- The Washington Times - Monday, March 25, 2002

Vice President Richard B. Cheney said yesterday that Yasser Arafat has not done enough to curb Middle East violence to warrant a trip to the region for a meeting with the Palestinian leader.
Mr. Cheney spoke as the death toll mounted in the conflict between the Israelis and Palestinians. Representatives from the two sides held another meeting yesterday under U.S. auspices but made little headway toward a truce that would set the stage for peacemaking between Israel and the Palestinians.
"It is slow going," said a U.S. official who spoke on condition of anonymity. "Progress has been very slow. It's fair to point a finger of blame at the Palestinians."
Israeli and Palestinian officials said another meeting was scheduled for today. The Jewish holiday of Passover begins at sunset Wednesday.
While the outcome of U.S. mediator Gen. Anthony Zinni's meetings could have determined whether Mr. Cheney flies to Egypt, administration officials earlier played down that possibility.
Mr. Cheney said Mr. Arafat had not met a series of conditions for a meeting, including renouncing terrorism and sharing intelligence with the Israelis.
"So far, those [conditions] have not been implemented. That doesn't mean it won't happen. That doesn't mean it will happen," Mr. Cheney said on CBS' "Face the Nation."
"We're going to do everything we can to try to bring the bloodshed to an end and get on a political track, but we're not there yet," he said.
Secretary of State Colin L. Powell, traveling with President Bush in Latin America, said the vice president "could go at a later time. It doesn't have to be right away. The important point is that Chairman Arafat knows we want to engage with him as we move forward."
Mr. Cheney framed a possible meeting as "just one more piece, if you will, of the whole proposition" toward peacemaking. "I wouldn't overdo it, in the sense that somehow everybody's focused in on this is the be-all and end-all of the process. It's not. It's a part of the process," he said on CNN's "Late Edition."
The violence continued yesterday in the Middle East. Israeli troops shot and killed four suspected militants after they fired at Jordanian border guards and then slipped into Israel across the usually quiet frontier, officials in both countries said.
An Israeli woman was fatally shot while traveling on a West Bank road, and Israeli troops killed a Palestinian policeman in a gunbattle nearby. Israeli soldiers also shot and killed a Palestinian near a crossing between the Gaza Strip and Israel, Palestinians said.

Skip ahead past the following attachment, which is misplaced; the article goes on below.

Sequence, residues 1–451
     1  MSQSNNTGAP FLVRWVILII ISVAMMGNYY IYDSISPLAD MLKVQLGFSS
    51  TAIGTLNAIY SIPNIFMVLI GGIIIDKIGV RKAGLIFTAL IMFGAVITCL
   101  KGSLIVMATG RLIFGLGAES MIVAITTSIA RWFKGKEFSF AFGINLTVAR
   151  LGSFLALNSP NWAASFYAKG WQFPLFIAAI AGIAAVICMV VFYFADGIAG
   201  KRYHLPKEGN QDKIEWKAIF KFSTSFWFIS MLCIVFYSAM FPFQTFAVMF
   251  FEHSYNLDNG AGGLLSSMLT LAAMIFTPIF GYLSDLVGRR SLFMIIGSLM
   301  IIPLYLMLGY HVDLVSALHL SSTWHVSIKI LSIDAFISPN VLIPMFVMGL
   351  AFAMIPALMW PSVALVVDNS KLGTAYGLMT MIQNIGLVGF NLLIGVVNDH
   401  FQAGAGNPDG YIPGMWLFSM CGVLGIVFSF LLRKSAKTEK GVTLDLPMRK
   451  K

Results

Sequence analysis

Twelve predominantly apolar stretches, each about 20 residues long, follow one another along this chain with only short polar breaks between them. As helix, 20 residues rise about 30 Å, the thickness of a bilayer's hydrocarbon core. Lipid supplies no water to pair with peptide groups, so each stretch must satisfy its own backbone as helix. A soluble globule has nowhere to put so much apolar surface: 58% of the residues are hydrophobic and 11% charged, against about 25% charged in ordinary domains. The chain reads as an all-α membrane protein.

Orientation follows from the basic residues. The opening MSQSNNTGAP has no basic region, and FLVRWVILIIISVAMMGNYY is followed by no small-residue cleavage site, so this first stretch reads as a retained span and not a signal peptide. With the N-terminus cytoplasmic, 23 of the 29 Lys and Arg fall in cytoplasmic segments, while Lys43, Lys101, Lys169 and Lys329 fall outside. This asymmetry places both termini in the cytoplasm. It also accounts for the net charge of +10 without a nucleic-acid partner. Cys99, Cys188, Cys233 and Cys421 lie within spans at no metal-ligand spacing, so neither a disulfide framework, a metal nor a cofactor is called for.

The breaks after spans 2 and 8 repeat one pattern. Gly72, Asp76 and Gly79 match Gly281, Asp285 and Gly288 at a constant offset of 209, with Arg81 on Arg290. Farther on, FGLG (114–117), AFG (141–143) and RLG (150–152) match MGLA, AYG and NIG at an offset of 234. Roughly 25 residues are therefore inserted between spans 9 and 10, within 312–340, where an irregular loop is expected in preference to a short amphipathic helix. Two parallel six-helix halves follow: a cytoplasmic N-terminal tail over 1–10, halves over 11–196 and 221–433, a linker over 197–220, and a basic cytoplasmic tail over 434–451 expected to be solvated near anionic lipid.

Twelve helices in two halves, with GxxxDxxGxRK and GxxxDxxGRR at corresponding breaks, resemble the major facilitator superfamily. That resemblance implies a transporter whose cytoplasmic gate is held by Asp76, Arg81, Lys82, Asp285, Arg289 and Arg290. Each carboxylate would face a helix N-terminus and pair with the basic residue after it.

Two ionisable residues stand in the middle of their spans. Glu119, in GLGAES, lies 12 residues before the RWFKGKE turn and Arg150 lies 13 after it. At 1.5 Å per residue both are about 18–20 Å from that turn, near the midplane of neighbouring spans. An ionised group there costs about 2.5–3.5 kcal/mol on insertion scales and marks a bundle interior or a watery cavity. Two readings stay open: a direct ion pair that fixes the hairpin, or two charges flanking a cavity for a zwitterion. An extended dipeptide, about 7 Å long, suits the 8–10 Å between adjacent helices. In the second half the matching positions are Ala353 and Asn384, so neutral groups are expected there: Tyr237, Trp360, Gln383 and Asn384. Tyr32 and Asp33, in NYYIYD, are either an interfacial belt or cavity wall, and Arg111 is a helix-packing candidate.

Early today a Palestinian man was killed and at least two persons were wounded when Israeli tanks and armored bulldozers entered a Palestinian refugee camp in the southern Gaza Strip, Palestinian witnesses and officials said.
The violence further complicated Gen. Zinni's efforts to forge a cease-fire before Wednesday's start of the Arab League summit in Lebanon, which is expected to address peace prospects.
Mr. Powell said the United States expects that meeting to produce a "positive declaration" on a peaceful future with Israel that includes full normalization of Arab-Israeli relations.
Gen. Zinni was to meet last night in Tel Aviv with the Israelis and Palestinians. Both sides have endorsed in principle a U.S. cease-fire plan, but remain divided on several key issues.
The administration is confident Mr. Arafat "is capable of doing much more than he has, but up to now he has not expended the level of effort we think is warranted," Mr. Cheney said on NBC's "Meet the Press."
Mr. Cheney also said the Arab League meeting would be more productive if Mr. Arafat were present. Mr. Arafat wants to go, but Israel has not given him permission and may keep him grounded if there is no truce deal.
"If Arafat is not there, the concern is that he will become the focus … and that you won't have the kind of positive result that might otherwise be possible," Mr. Cheney said.
Mr. Powell said he and Saudi Crown Prince Abdullah have reviewed the draft of an Arab League declaration they hope will be adopted. It recognizes the right of Israel to exist, the creation of a Palestinian state, and the intent of Arab nations to establish relations with Israel, Mr. Powell said.
Asked about U.S. expectations on normalized relations, a term some Arab leaders have sought to water down since Prince Abdullah announced his peace initiative, Mr. Powell replied:
"There are a lot of different definitions of what normalization might or might not mean. To me, it means you have normal relations with a country you are not at war with … where you exchange delegations and presence and you deal with them as partners, sovereign partners. That would be a step forward."

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